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Letters: Promoting fluoridation

July 10, 2017 I read with interest Dr. Mark Bronson’s, “Community Water Fluoridation: A Prevention Strategy” My View in the June 5 ADA News. Having gone to dental school at Northwestern University in fluoridated Chicago and practicing for four additional years prior to relocating to nonfluoridated Portland, Oregon, in May 1980, I didn’t appreciate what fluoridation did for public health until practicing in a community without it.

While people in the lower socioeconomic status populations had more decayed/missing/filled teeth as compared to higher socioeconomic status populations in Chicago, I saw more of everything in Portland. Across every demographic there were more caries, especially root caries in adults and rampant caries in children, and more restorations or filled teeth. I always played a little game during my career in Portland. When a new adult patient came to my practice, part of my exam would be my guessing what part of the U.S. they grew up in. Seldom was I fooled in identifying which of my patients grew up with fluoridation from those who did not.

Over the last 37 years, I have witnessed a drop in the decayed/missing/filled teeth in my middle and upper middle class millennial patients — my two daughters included — but the children in the lower socioeconomic status populations have not fared so well. There is a wider disparity that, disproportionately, affects children who live in poverty.

While there are other factors involved with good oral health, such as education, diet and access to care, fluoridation should be the foundation of a sound dental public health policy. Fluoridation has helped level the playing field between rich and poor. Evidence-based science has confirmed that fluoridation benefits everyone, not just children.

My concern with our profession is twofold. First, dentists do not properly educate themselves on the science and politics of fluoridation. Second, the vast majority of millennial dental students and young dentists, who are replacing the baby boomer generation of dentists, have not experienced oral disease like their parents’ and grandparents’ generations, and often, do not appreciate the role that fluoridation has played in the prevention of oral disease.

Like vaccinations, fluoridation is a victim of its own success. If one has not personally experienced or witnessed a disease, one truly doesn’t appreciate what a particular preventive strategy has contributed to reducing the burden of disease in our communities. My generation of dentists, who were born in the late 1940s and 1950s, all were on the receiving end of the dental drill growing up, but I suspect many of the millennial-aged dentists have grown up virtually cavity-free. Will they be as supportive of fluoridation as they move into the leadership of our profession?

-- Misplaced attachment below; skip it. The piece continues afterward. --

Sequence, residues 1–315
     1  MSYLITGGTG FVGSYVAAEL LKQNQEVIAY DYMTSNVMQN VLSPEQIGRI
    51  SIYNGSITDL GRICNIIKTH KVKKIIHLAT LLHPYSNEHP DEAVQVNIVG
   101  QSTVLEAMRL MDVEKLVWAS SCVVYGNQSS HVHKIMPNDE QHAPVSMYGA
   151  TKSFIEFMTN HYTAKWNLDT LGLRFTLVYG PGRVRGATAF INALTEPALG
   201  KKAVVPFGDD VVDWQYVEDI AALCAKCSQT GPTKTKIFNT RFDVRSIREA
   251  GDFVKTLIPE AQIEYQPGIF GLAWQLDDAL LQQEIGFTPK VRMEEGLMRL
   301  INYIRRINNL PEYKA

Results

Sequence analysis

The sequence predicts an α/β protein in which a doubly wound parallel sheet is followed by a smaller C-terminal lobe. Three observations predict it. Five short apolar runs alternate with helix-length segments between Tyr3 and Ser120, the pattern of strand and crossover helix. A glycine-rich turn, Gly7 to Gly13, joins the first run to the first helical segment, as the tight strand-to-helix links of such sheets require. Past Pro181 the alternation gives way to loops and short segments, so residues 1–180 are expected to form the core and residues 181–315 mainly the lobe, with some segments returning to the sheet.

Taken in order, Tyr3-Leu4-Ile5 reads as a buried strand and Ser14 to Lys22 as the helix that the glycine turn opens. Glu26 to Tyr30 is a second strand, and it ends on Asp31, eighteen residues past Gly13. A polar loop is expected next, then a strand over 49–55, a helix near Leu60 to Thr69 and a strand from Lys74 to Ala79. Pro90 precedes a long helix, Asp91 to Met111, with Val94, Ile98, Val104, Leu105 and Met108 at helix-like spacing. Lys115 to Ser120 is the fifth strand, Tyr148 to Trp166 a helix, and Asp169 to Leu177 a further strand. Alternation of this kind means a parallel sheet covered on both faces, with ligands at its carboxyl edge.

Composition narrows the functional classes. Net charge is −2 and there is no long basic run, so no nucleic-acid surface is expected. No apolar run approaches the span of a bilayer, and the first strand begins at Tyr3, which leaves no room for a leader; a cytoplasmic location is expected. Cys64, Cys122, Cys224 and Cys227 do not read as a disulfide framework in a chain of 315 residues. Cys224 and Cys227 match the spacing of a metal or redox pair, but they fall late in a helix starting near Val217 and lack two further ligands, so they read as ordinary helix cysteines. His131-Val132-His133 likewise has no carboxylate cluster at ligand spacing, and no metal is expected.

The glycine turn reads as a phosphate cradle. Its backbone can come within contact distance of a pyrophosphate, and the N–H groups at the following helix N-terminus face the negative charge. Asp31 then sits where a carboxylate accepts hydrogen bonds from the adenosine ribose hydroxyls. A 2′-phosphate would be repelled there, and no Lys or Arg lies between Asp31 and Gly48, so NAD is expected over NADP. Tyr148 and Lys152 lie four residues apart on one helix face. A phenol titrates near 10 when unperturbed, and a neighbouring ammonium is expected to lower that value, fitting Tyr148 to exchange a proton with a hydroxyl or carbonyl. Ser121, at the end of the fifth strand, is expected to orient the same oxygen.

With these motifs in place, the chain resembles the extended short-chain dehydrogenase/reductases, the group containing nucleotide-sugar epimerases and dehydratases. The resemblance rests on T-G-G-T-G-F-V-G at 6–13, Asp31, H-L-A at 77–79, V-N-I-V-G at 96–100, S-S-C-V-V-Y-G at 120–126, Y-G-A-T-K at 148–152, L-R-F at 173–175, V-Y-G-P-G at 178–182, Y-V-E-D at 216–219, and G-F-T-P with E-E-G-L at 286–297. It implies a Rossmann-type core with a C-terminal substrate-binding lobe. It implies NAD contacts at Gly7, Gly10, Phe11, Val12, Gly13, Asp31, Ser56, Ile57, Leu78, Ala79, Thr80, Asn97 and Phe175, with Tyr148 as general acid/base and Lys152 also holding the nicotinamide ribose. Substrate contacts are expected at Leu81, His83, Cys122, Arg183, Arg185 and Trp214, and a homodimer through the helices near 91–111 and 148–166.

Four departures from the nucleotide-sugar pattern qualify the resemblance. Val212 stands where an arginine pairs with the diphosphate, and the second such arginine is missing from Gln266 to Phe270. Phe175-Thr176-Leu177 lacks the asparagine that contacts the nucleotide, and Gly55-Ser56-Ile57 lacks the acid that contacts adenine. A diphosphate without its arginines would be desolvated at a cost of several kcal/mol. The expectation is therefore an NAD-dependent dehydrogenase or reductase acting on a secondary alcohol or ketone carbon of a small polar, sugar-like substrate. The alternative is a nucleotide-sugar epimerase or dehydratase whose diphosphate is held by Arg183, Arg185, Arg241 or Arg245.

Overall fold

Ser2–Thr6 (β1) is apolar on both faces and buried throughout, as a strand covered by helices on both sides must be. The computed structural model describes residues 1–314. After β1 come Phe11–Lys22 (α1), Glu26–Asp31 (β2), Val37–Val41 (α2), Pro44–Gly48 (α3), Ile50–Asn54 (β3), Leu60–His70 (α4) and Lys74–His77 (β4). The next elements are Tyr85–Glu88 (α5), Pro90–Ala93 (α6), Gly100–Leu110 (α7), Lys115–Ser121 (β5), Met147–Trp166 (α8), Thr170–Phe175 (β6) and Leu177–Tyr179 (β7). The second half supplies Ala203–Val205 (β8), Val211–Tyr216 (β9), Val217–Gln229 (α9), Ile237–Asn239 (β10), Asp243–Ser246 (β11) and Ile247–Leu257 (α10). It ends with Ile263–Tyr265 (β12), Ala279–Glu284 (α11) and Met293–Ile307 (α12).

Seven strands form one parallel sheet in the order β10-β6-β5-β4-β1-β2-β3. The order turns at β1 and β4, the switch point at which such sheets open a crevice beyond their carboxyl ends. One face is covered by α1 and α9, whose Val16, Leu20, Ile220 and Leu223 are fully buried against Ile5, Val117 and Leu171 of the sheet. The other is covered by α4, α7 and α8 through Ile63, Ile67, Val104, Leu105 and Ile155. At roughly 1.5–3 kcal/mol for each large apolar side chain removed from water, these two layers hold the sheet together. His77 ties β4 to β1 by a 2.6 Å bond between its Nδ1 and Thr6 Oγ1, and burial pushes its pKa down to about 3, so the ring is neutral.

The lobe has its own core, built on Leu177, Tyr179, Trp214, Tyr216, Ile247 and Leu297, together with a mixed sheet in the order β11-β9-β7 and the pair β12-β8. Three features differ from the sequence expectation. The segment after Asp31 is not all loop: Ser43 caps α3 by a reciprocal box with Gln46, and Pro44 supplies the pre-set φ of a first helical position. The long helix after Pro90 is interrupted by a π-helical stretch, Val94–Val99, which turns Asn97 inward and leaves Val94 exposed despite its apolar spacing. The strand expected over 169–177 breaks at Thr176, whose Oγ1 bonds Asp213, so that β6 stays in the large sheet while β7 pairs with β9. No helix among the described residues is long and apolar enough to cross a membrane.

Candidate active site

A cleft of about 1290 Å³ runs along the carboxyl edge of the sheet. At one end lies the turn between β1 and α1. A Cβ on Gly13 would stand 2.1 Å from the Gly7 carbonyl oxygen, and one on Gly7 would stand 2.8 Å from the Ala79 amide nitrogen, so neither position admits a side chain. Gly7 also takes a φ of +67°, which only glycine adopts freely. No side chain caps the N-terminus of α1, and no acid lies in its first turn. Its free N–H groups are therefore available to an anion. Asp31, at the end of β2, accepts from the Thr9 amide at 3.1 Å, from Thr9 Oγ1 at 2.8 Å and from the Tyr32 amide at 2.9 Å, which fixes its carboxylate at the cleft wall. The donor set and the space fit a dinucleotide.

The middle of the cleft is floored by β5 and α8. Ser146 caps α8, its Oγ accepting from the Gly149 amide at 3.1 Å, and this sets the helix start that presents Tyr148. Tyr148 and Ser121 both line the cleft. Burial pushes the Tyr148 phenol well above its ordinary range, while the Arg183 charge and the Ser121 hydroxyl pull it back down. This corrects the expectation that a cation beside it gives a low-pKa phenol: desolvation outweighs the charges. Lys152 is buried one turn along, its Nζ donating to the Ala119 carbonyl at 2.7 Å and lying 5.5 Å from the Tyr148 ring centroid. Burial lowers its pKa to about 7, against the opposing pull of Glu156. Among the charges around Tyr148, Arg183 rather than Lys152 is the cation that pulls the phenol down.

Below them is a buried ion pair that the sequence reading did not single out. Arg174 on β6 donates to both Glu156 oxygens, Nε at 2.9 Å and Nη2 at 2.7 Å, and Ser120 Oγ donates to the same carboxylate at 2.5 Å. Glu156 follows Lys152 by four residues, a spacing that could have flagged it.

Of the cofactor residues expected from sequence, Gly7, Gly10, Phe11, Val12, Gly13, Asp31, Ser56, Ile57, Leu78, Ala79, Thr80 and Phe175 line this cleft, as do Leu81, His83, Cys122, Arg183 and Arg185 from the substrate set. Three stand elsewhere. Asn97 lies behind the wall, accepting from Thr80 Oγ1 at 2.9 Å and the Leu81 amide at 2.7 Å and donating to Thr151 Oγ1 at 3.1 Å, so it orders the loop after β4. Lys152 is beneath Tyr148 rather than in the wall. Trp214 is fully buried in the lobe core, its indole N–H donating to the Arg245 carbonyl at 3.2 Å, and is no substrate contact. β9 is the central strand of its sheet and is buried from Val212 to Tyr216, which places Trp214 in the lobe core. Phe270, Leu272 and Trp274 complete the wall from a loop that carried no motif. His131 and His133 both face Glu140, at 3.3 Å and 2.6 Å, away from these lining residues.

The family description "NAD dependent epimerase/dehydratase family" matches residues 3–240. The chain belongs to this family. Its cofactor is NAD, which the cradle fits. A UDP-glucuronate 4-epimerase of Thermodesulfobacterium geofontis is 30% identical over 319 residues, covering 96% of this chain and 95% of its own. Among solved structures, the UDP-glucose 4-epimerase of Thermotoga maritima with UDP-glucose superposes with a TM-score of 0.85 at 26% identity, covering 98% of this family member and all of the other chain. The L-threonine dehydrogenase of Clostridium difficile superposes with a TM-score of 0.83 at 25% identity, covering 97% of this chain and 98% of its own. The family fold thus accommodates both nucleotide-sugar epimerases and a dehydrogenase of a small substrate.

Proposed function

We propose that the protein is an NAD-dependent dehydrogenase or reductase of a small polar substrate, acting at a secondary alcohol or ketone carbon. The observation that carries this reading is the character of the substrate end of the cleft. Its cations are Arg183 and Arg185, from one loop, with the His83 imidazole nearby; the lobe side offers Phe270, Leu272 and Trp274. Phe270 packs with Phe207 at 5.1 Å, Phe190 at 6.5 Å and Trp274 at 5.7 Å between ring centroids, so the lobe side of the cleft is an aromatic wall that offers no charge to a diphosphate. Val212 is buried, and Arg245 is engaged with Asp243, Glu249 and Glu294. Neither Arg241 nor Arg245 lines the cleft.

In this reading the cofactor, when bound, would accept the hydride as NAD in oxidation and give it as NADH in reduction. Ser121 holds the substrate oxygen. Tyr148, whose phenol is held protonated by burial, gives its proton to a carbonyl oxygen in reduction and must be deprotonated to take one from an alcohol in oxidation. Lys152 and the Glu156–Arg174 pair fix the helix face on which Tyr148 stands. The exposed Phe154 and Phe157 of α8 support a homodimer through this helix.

Dr. Bronson asked in his article, “Are we engaging in effective strategies to promote community water fluoridation in our communities?” The short answer is, “No.” Every day in our practices we should be inoculating our patients from the fear-mongering pseudoscience of the opponents to fluoridation. The entire dental team can be involved, especially our hygienists. Why not encourage them to engage their patients about the benefits of fluoridation while they have them captive in their chair?

Sadly, back in 2012 and 2013, Portland had an opportunity to end our city’s distinction of being the largest city in the U.S. that doesn’t fluoridate its public water supply. While the ADA and the Oregon Dental Association were very proactive in their support during the campaign, the 500 rank-and-file dentists in Portland were mostly a no-show. Many dentists told me that they would vote for fluoridation, but they were fearful of losing patients and wouldn’t put supportive information in their waiting rooms or pro-fluoridation lawn signs in front of their offices or in front of their homes. In the end, the fluoridation referendum was defeated. What a missed opportunity to bring a proven, effective public health measure to our community.

Yes, while there was a high degree of vitriolic rhetoric from the opponents during the campaign, I believe that most dentists did not have the confidence to engage their patients’ concerns about fluoridation, because, as I stated earlier, they hadn’t properly educated themselves on the subject. How many of our colleagues know about the ADA Fluoridation Facts, ADA.org/fluoridationfacts, or the Campaign for Dental Health ilikemyteeth.org? These resources give in-depth answers to the myriad of A to Z allegations against fluoridation.

Dr. Bronson asked, “Wouldn’t it make sense to prepare for that possibility, just in case?” I ask, “Wouldn’t it be better if we had these discussions about the safety and effectiveness of fluoridation all along?” I also ask, “Who is going to educate the next generation of dentists on fluoridation?” If, as Dr. Bronson mentioned, dentists are trusted sources of information for patients and the public, we should be advocating for fluoridation just as pediatricians and family physicians advocate for immunizations. Anything less, in my opinion, is a failure of our professional responsibilities.

Kurt Ferré, D.D.S.
Portland, Oregon